Whether you went to a Catholic school with the nuns or a liberal non-denominational, having “the talk” has never been easy as a young Irish person.
The focus of most sexual education is purely mechanical, and while contraception is discussed it’s definitely not always an in-depth topic.
That’s why it’s not surprising that new national research of Irish women carried out by HRA Pharma has revealed that 80 percent of Irish women have some serious misconceptions about the morning after pill.
Indeed, 36 percent of Irish women surveyed said that they had heard that the morning after pill works by triggering a “mini-abortion,” which simply isn’t true.
The morning after pill works by delaying an egg’s release, so when the sperm arrives at the fallopian tubes there will be no egg there waiting to consummate the meeting.
It works pretty much just like the regular contraceptive pill, just in an emergency context, but taking the morning after pill wont effect your regular pill either.
Women also seemed to think that the morning after pill is hard to find, with almost a quarter of women viewing the pill as being difficult to access.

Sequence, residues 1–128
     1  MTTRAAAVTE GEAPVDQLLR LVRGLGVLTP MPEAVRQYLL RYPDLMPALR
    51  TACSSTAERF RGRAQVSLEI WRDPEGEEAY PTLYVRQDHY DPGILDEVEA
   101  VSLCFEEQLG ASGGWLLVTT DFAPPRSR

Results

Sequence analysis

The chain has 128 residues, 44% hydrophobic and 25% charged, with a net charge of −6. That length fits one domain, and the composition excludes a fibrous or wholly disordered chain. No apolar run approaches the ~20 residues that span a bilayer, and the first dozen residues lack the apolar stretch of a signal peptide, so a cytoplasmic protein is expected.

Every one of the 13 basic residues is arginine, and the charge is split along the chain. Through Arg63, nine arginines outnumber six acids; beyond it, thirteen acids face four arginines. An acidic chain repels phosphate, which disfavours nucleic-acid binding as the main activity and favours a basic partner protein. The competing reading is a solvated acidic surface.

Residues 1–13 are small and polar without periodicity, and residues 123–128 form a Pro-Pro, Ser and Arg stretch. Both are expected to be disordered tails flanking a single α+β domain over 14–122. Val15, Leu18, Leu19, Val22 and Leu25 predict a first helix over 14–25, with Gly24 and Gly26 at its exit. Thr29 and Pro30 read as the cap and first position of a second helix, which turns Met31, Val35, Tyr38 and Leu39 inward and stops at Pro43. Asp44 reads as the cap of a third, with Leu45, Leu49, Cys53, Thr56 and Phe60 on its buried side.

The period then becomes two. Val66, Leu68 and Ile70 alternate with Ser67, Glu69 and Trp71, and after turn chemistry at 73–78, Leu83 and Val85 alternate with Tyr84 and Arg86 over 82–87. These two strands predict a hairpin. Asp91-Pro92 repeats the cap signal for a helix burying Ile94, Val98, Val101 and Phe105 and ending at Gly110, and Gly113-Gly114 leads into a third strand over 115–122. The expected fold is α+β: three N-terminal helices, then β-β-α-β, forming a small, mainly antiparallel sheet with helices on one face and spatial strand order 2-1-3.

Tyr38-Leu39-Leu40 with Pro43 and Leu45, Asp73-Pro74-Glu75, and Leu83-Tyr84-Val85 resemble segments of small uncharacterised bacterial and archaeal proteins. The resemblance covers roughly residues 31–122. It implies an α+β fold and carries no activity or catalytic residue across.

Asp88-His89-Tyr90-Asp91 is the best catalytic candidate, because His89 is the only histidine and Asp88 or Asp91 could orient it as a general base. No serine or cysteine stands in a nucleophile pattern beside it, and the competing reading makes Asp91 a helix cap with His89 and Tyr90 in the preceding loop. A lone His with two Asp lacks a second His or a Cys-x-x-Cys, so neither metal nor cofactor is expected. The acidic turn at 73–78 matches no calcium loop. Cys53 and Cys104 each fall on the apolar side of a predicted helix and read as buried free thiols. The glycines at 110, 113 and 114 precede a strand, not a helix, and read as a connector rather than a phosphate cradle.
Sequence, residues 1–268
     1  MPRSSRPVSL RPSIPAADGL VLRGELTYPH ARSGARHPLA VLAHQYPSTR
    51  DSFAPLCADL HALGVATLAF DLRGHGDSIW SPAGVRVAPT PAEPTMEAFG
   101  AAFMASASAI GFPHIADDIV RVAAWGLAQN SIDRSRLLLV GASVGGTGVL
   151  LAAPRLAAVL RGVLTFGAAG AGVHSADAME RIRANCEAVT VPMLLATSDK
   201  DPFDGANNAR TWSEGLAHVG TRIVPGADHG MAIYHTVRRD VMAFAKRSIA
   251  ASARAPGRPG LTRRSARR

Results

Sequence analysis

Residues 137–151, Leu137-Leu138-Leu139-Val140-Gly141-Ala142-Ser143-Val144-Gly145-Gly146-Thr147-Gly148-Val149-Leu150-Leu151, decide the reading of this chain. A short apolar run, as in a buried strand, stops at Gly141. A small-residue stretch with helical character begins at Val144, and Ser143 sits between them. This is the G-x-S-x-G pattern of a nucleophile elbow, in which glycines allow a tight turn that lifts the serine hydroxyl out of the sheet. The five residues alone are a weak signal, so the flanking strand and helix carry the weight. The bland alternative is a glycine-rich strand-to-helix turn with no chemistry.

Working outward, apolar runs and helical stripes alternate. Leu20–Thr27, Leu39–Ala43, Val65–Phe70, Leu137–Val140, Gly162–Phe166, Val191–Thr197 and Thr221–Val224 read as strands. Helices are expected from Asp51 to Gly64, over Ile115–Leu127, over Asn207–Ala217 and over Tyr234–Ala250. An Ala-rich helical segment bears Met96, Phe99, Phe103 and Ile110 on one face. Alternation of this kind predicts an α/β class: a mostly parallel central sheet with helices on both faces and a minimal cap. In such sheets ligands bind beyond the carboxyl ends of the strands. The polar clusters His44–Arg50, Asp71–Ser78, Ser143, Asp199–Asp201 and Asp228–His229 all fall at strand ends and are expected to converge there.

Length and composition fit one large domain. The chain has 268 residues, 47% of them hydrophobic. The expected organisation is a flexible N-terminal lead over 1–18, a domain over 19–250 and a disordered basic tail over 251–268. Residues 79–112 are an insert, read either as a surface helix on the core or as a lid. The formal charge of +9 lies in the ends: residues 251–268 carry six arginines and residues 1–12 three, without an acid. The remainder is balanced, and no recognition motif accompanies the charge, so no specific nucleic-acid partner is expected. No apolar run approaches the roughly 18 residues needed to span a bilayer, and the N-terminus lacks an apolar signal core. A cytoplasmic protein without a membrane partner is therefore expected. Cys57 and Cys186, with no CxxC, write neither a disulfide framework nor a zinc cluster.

The pill is available over the counter at almost all Irish pharmacies, including Boots, and there is no prescription necessary unless you need to get it free on the medical card.
There are also plenty of different types of morning after pills to suit whatever stage of post-coitus you’re at.
I didn’t know that the morning after pill can make you infertile. That’s scary.
— sue-koko (@NessaNess_x) August 5, 2013
One of the most serious misconceptions Irish women have is that taking the morning after pill more than once will make them infertile.
“Emergency contraception has no effect on future fertility,” according to HRA Pharma.
More than one in ten (11 percent) of Irish women surveyed also said that they had heard that emergency contraception can be taken any time after having unprotected sex and will still be effective, but like all things that sound too good to be true, this is.
I had taken the morning after pill, which doesn’t do jack to terminate a pregnancy, but social stigma/depression made me feel guilty.
— Fight me, irl (@GeekyAmazonian) February 20, 2015
The sooner you use emergency contraception after sex, the more effective it will be, and most pills can only be taken up to five days after the big event.
With all of these misconceptions, along with the sky-high price of the pills in Ireland, it’s no wonder that there is still an associated stigma attached to emergency contraceptives.
“If men could get pregnant the morning after pill would be free and come in buffalo wing flavour”
— . (@IsxbellaParis) November 30, 2016